Bricks and mortar businesses have been in the dark. They were blinkered to what was happening within their locations, and how customers were interacting with the space. There was huge potential to fail to engage with customers effectively, repeating marketing mistakes continuously.
Meanwhile, their online counterparts had a huge advantage – website analytics. It gave them an expanse of data sources to explore. If they asked the right questions and found the answers, they could understand every step of their customers’ journeys. They could continually optimise their offer – and give customers what they wanted.
Now, the same opportunity is being given to physical spaces. Instead of Google analytics, they can have a triple-layered ‘physical web’ at their disposal, comprising: hardware (data-collecting sensors or beacons); channels used to communicate data (for instance, WiFi, Bluetooth or cellular); and the resulting intelligence that can be gathered.
Now, intelligent physical spaces can mine precious information from a wide spectrum of data points, such as sensors, security cameras, WiFi, and weather stations. Overlaying insights about customer journeys, dwell times, heat mapping and zone information onto purchase pattern data, they build a clear picture of how their space is working – or not.
This wealth of data can be used to shape anything from store interiors to marketing strategy. For instance, the data collected may suggest essential changes to the layout of the space, or an ideal time and place for customers to receive bespoke offers direct to their mobile devices.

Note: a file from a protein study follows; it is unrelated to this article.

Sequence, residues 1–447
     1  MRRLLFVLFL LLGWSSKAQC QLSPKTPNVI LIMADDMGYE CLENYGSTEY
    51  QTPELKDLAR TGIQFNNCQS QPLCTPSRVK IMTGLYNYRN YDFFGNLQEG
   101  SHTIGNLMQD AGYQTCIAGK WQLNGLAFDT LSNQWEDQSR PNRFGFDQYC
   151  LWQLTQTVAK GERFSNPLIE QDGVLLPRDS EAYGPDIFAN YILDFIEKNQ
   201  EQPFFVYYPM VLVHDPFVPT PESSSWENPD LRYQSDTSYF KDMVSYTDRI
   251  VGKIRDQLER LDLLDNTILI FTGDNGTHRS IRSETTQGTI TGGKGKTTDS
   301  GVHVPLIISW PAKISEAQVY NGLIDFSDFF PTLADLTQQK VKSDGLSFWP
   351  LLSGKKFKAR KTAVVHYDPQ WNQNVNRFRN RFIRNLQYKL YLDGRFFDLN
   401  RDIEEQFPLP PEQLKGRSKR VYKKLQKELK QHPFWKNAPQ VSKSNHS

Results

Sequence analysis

Purple customers have been finding this invaluable to date. To give a couple of examples, a shopping centre in Perth, Australia, discovered that a huge percentage of its visitors were from the nearby university, and that over 50 per cent of them were Asian. This prompted it to introduce the Asian social media login 'Weibo', resulting in dramatic login increases.
One sports retailer kept their high margin apparel in a certain area of the store. Analysing data from a variety of sources within its intelligent space has helped it to redesign its signage. It is now more effective in steering customers towards these high value items - and sales have increased.
At last, it’s possible for physical spaces to employ data-driven, real-time marketing methods en par with those used by online businesses. These targeted, timely interactions provide clear business benefits, while also improving the customer experience.
This is a prime opportunity for businesses to align their online and offline marketing and deliver a consistent brand experience. The potential to transform the planning and efficiency of physical spaces is incredible. We look forward to seeing businesses in a wide range of sectors reap the rewards of this new advantage.
Gavin Wheeldon is CEO of Purple, formerly Purple WiFi
Image source: Shutterstock/Bloomua